Photograph of an original Chédeville Musette chalumeau.

One Musette is never enough…

After such an intense, fun few days in Rouen, it was rather hard to return to the seemingly-dull boredom of everyday life. Except that I’m not sure I’m familiar with that state of affairs – I always seem to have something to keep me on my toes! But still, it took a few days to come down off my Musette-cloud, and the descent was made infinitely easier by news that my new Musette – made by the Belgian maker Bart van Troyen – was almost ready for collection.

Why the need for more than one? Well, as with recorders, Musettes historically existed in a variety of sizes, rather like descant, treble, tenor, voice flute and bass recorders. I’m still getting to grips with the tuning of each but one has to add into this mix the practicalities of pitch. Studies of pitch in the 17th and 18th centuries suggest that the pitch in France depended on whether you were playing chamber music, church music or the opera. Historically informed performance of French baroque music now tends to settle on A=392 as a happy medium between these three areas. And so one needs an instrument that will play at A=392. But what if one wants to play some works for Musette amongst a programme of Baroque chamber music from different countries? As a multi-instrumentalist I often find myself in this situation, interspersing sonatas and trio sonatas by Corelli and Telemann with works for Musette by Boismortier or Nicolas Chédeville. Pitch was not the same in Germany and Italy, but the accepted modern practice when playing music from either of these countries in an ‘historically informed’ manner (on period instruments) is to play at A=415. I could of course insist on the whole programme being performed at A=392. But while many string players will happily tune down to A=392 (or up to A=415 depending on how you look at it), harpsichords tend to favour one pitch or the other (and need a good 45 minutes to retune!). And wind players need entirely different instruments.

And so, here we have it. I need to make more room on my instrument shelf for the new arrival, due August 2019. Oh, and it will the first (modern) Musette to have reeds made from cedar rather than cane. Apparently they are less susceptible to changes in temperature and humidity…yes, I have a new understanding and sympathy for oboists and bassoonists! At least Musette reeds last longer than those of the double reed instruments, because they remain dry…you just have to avoid dropping them.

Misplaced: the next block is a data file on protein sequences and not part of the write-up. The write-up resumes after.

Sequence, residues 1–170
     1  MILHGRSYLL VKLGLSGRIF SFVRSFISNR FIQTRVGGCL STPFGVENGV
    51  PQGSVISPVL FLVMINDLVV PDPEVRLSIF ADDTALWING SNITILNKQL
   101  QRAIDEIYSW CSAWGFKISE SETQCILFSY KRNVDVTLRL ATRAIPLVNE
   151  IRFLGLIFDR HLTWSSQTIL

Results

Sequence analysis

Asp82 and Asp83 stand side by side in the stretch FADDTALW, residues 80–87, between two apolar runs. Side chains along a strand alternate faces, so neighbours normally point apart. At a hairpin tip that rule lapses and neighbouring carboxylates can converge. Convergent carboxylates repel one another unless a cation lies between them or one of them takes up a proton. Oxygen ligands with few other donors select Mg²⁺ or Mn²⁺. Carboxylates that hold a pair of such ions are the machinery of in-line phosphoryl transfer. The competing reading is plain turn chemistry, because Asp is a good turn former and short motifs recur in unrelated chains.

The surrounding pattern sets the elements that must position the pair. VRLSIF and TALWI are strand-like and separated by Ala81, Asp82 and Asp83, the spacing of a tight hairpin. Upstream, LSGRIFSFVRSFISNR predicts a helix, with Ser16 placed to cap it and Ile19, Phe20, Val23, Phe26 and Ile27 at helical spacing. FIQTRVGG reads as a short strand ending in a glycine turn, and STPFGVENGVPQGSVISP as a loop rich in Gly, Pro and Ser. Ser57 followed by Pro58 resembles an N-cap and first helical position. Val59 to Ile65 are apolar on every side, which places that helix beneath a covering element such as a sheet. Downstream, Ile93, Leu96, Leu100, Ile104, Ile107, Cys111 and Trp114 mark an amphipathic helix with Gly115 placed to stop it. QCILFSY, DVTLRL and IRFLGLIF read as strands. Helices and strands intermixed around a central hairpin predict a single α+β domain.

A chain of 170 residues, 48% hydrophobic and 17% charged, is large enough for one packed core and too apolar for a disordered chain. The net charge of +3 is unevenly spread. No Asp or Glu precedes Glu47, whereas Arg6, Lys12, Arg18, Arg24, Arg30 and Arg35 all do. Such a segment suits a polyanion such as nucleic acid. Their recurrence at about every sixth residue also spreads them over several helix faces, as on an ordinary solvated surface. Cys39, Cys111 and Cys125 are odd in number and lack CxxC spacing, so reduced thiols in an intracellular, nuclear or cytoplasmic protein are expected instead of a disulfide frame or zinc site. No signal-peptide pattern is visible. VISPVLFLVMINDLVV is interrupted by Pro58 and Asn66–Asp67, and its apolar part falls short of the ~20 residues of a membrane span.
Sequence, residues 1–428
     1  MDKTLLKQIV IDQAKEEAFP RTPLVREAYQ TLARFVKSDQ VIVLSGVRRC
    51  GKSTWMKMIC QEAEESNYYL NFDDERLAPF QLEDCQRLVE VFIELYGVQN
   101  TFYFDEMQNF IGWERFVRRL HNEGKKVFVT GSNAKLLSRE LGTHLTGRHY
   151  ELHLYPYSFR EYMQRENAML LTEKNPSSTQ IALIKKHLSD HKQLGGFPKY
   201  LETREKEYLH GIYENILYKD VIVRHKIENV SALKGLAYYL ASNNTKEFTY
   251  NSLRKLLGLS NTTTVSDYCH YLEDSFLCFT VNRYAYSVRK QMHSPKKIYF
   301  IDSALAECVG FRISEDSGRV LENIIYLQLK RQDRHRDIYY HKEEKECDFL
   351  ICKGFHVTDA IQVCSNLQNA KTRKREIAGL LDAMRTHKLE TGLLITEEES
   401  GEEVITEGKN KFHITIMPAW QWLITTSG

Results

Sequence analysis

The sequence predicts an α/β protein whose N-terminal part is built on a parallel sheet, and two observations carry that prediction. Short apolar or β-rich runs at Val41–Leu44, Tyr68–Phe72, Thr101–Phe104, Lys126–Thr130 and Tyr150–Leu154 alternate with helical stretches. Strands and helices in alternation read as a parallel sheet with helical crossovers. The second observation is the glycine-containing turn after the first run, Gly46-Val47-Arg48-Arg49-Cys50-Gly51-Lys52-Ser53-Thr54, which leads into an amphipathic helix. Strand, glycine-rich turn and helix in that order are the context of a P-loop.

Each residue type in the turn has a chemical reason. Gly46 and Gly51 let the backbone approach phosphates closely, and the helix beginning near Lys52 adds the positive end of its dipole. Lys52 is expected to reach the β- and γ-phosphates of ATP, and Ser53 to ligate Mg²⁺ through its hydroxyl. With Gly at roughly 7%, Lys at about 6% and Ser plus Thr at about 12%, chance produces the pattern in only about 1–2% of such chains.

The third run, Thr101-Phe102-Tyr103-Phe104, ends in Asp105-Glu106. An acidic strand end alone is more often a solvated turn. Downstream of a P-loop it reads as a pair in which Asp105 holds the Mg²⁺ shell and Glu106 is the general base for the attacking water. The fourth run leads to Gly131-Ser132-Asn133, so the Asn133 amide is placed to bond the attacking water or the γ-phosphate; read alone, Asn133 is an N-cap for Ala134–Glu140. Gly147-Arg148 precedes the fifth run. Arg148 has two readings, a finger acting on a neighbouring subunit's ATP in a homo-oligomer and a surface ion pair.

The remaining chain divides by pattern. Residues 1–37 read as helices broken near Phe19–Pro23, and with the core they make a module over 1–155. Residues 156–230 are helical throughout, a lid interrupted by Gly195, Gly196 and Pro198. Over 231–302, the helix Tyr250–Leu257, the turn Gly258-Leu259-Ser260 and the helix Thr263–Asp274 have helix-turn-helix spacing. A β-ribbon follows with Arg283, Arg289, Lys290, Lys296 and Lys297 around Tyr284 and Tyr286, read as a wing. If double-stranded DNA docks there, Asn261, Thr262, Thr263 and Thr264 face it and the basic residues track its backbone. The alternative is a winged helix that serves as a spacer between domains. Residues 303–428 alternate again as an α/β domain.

3 comments

  1. David Bateman

    Amanda,
    I recently read a report about the Rouen conference in Chanter, the Bagpipe Society magazine. You were mentioned in the report as being the only British representative there. Do you happen to know whether there is any plan to publish the papers which, I presume, were read there? I imagine I’d like to read them – even if they’re in French, as I imagine they would be.
    I’ve been trying to make a version of a musette for several years now. For various reasons, I decided I had to try to make the instrument myself. One reason was that I wanted it to be at 440 so that I could play with more conventional modern instruments. It has almost been made now. My only remaining problem is getting the top notes C6 and D6 on it. I’m working on that problem currently and I think I can see my way to getting them. A petit chalumeau for the pupose of playing just those two notes is part of the design but getting the petit chalumeau to actually do it has been problematic, mostly on account of not knowing what a suitable reed for it would look like exactly. The instrument could just as well be called a version of a Northumbrian Smallpipe. Because it is fairly common to have a NSP go up chromatically from G4 as far as B5 and because I have some access to NSP expertise, I thought I’d base my efforts on the NSP and go up as far as B5 on the grand chalumeau using keywork which is regarded in Northumbria as normal. Apart from those two highest-of-all notes, my instrument has been built and does work. Purists would refuse to call it either a NSP or a musette but I’m not a purist. This very evening, as it happens, I have had the from it, not for the first time, the huge pleasure of playing a simple Nicolas Chédeville piece on it with a cello, a viola and a violin. To my completely biased ears, it sounded absolutely magical! Forgive my boasting but it has taken me (off and on) 15 years to get this far. I’ve made a few simpler bagpipes along the way as a sort of self-imposed apprenticeship.

    I’d like to register my interest in the musette. I live in Edinburgh.

    1. Amanda Babington

      Great to hear from another Musette enthusiast! Your work sounds fascinating. If you are on facebook, check out a group that I set up called Musette Enthusiasts – it’s a lovely forum in which everyone exchanges facts and ideas about repertoire, instruments and anything else musette-related.

    2. Amanda Babington

      ps I don’t think there are any plans to publish the Rouen conference papers. But several of the contributors (including me of course) are members of Musette Enthusiasts.

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